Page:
It is vital that the user is presented with clear and concise information that will help him or her to make the right decision here. Of course the domain name of the site about to be visited should be clearly visible. But what else? Some UX designers should really jump in here to create a seamless yet secure user experience. But one thing I can imagine is a system where, as soon as the dialog is created, information about the domain being visited is displayed from various sources (e.g. Google, or known phishing domain databases like PhishTank) that have a global network picture and hence are in a unique position to tell very early on whether a certain domain is untrustworthy. Such sites could actually be fed with information from users across the world using this system by collecting their decisions when responding to the website-visited-for-the-first-time dialog.

Of course care has to be taken here to ensure that the process of identifying possible malicious sites is transparent and not abused for e.g. censorship to block undesirable content.

Some more usability aspects

We should avoid a situation where a user is presented with a large number of warning messages. The user would quickly get annoyed and no longer pay attention. The first time a user starts surfing the web, all websites will be new to him and his browser, so he will get to see quite a few warning messages. I tried to find any information about the average number of websites people visit regularly (and that they have to verify once before being able to visit them securely forever), and the number of websites that they visit maybe once or twice in a year (for which the above process may be too heavy handed). I couldn't find any, so if you know some reliable statistics, let me know and I will update this post.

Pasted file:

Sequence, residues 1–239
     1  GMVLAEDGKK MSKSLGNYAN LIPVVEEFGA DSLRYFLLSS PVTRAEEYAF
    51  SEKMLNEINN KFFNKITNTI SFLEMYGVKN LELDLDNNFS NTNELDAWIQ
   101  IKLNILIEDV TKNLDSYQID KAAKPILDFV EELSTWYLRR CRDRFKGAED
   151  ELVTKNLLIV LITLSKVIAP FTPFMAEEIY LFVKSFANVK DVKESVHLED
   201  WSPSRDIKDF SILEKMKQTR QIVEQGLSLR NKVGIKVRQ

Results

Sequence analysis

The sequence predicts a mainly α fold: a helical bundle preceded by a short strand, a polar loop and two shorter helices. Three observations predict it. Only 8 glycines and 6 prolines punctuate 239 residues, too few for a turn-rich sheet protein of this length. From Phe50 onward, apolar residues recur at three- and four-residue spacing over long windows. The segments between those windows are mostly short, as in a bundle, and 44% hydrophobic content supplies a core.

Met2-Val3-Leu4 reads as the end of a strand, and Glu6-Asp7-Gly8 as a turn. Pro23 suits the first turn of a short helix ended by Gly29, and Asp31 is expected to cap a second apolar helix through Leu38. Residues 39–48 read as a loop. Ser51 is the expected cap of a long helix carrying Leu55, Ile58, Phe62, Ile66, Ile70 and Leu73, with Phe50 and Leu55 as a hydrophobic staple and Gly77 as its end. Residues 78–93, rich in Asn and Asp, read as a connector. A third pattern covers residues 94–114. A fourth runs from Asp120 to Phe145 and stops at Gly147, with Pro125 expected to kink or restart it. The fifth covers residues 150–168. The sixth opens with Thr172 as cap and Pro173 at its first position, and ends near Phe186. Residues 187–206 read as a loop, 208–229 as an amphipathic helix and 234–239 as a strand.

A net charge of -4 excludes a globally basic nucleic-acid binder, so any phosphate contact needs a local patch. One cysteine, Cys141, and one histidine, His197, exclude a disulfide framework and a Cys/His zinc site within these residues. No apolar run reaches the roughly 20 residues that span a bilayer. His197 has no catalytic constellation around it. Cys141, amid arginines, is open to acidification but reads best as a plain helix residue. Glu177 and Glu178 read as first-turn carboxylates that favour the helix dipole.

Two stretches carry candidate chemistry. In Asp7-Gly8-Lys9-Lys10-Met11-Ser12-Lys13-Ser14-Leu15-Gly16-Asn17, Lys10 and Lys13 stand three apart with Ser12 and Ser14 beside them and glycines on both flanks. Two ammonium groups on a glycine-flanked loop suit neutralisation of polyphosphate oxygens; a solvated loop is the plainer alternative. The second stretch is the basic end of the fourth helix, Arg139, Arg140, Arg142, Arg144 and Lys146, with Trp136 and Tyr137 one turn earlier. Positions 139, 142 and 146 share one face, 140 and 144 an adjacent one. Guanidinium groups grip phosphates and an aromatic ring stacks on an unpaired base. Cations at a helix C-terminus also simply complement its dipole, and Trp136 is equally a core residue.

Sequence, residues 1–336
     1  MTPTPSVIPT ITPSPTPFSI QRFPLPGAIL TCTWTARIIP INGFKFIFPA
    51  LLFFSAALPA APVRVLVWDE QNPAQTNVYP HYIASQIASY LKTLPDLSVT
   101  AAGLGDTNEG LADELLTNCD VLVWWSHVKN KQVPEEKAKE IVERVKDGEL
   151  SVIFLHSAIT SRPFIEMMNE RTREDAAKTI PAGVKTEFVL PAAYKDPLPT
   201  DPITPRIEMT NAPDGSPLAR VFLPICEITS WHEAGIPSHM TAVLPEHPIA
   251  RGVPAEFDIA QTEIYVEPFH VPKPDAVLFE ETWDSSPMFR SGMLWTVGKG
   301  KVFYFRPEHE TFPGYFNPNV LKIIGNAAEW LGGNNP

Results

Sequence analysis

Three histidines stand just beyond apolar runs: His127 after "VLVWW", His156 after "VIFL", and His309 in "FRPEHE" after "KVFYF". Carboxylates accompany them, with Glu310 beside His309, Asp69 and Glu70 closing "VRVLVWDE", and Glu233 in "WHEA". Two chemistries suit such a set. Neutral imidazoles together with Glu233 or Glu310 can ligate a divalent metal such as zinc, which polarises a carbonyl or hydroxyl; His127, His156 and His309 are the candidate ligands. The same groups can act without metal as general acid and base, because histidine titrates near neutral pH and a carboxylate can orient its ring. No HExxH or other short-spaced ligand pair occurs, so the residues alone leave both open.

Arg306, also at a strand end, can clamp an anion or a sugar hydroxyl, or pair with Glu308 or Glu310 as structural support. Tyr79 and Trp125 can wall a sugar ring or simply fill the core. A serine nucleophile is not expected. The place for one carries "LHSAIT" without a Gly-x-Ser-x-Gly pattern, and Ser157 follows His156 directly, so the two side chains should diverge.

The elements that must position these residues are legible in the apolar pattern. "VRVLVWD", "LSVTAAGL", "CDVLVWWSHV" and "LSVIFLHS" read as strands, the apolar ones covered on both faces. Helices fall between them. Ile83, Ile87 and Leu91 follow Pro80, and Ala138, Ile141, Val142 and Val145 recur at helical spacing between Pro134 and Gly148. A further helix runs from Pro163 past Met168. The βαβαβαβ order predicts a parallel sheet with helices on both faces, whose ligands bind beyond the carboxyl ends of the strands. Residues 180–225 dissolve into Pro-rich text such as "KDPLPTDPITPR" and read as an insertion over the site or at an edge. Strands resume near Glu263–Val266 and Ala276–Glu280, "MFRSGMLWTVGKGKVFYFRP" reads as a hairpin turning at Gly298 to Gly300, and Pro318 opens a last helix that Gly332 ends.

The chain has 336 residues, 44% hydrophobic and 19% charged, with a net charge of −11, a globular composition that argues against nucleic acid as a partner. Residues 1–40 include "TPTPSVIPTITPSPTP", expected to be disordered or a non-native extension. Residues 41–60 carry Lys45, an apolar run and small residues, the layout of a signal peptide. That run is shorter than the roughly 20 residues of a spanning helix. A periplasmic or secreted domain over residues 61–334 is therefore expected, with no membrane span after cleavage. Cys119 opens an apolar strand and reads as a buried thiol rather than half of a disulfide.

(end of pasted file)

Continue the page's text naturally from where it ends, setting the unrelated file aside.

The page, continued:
To reduce the number warning messages significantly browsers should by default contain the public keys of the most popular websites, so that these are available right after the browser is installed. In any case to prevent user from automatically accepting to visit a new site without verifying the information, the default choice should be to cancel and not visit the site.

TOFU: Trust On First Use

The method outlined implements the TOFU (Trust On First Use) principle, and is used by ssh (a secure remote access protocol) for example. The main drawback of this approach is that it shifts the problem of preventing a man-in-the-middle attack to the first time you visit a website. How do you know this new website you are visiting is genuine? How do you know you can trust it? Well... the idea to use a kind of global network view outlined above is supposed to detect the obviously malicious sites. But actually, building real trust is a process that takes time, within which your experiences dealing with the site (and knowing it is the same site each and every time you visit is) determine your current confidence in dealing with this particular website.

How does this differ from public key pinning?

At first sight the new approach does not appear to differ much from public key pinning. Both use the TOFU principle, and both rely on the browser to keep information about domains to detect man-in-the-middle attacks. Yet there are significant differences.